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Casual Sex - Is It for You?


Wondering if you could emotionally handle having a no-strings-attached fling? Here’s advice from experts and real people like you on how to tell.

By Kimberly Dawn Neumann

o many daters, “casual sex” may seem like a contradiction in terms: How can anyone stay laid-back about such an intimate act? Even so, a no-strings-attached fling (or “booty call” as some call it) is exactly the situation some people find themselves in at certain points in their life. If the opportunity presents itself, should you go for it? What’s the best way to handle it without risking heartbreak? “It would be silly to think that casual sex has no repercussions because this is going to impact you somehow,” says Lou Paget, certified sex educator and author of The Great Lover Playbook. Luckily, though, there are things you can do to help keep that impact well within your comfort zone if you do decide to forge ahead. If you’re thinking of exploring this romantic realm, consider this your primer.

Step #1: Make sure you’re doing it for the right reasons
The first step, of course, is to gauge whether you can emotionally handle this sexual scenario. One easy way to do this is to imagine the aftermath. For example, if you sleep
To gauge if you can handle it, imagine the aftermath: If you sleep with someone and the phone doesn’t ring, will you be shattered?
with someone and then the phone doesn’t ring again, will you be shattered? “People sometimes believe they’ll be fine with it, but then after the fact they think, ‘Well, he should be calling me.’ I say, ‘Have a coffee, and wake up!’” says Paget. “If the only thing that is being presented is casual, that’s what you’re going to get.” People who are generally impulsive might also want to hit pause and think about it before jumping in. “If you have a tendency towards falling quickly in love or experiencing post-fling guilt, it probably isn’t for you,” says Steve, 44.

Timing should also be a big factor in your decision-making, and many experts and single folk agree that people who’ve recently emerged from a breakup and who aren’t ready for a commitment are prime candidates for casual encounters. As Deanne, 30, puts it, “Sometimes you want to be alone mentally, but with someone physically.”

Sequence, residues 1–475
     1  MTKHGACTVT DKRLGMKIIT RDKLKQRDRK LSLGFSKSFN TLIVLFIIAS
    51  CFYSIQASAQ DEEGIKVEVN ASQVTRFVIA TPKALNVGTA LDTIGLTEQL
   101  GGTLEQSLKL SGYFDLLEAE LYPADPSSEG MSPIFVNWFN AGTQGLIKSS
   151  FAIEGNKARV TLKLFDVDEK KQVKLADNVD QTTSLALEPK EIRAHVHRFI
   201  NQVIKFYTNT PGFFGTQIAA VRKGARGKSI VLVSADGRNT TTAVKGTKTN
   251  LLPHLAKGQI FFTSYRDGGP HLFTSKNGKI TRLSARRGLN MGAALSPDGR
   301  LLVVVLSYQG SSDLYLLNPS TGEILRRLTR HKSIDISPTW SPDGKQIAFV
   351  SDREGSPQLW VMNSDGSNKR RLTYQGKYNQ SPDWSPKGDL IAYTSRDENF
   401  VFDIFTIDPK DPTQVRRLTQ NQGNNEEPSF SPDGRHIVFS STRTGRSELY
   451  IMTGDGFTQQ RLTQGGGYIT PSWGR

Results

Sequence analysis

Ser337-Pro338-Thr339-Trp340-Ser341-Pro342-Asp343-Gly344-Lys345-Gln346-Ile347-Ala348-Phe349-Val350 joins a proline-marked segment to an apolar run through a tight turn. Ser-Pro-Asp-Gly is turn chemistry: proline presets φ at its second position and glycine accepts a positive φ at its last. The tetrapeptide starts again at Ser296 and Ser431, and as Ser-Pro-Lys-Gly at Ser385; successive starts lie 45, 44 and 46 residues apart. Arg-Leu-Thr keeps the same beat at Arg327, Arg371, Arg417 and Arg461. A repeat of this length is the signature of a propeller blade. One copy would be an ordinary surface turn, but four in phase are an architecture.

Step #2: Pick an appropriate partner
After you’ve taken measure of your own emotions, next up is to do the same for any potential partners: What makes someone an appropriate fling? “I see a tremendous amount of hooking up between friends or just people who like each other and got horny or drunk at a party together,” says Joann Magdoff, a clinical psychologist in private practice in New York City. “The thing to keep in mind is that whatever the relationship looks like when you say ‘Hello,’ it’s not going to look like that in twelve hours or even in two weeks if you sleep together, so you have to be prepared for it to change.”

One rule many experts and daters agree on is that you should steer clear of people you actually pine for. If you want to date this person, then do that—and if he or she isn't into dating you, settling for no-strings-attached sex is dangerous territory. On the other hand, complete strangers aren’t ideal since they can be hard to trust. “I would find casual sex with a total stranger practically impossible,” says Steve. “Although the idea is exciting, the reality is that the very best sparks can only occur when both parties feel safe and cared for.” If you are going to have a casual encounter, most people we spoke to say that the best candidates are people you know and are attracted to but can’t see leading to anything long-term, whether that’s due to different personalities or life goals. “A good partner,” says Deanne, “is someone who is excited to see you but then is just as happy to leave in the morning and you’re OK if this person doesn’t call again for a week or a month.”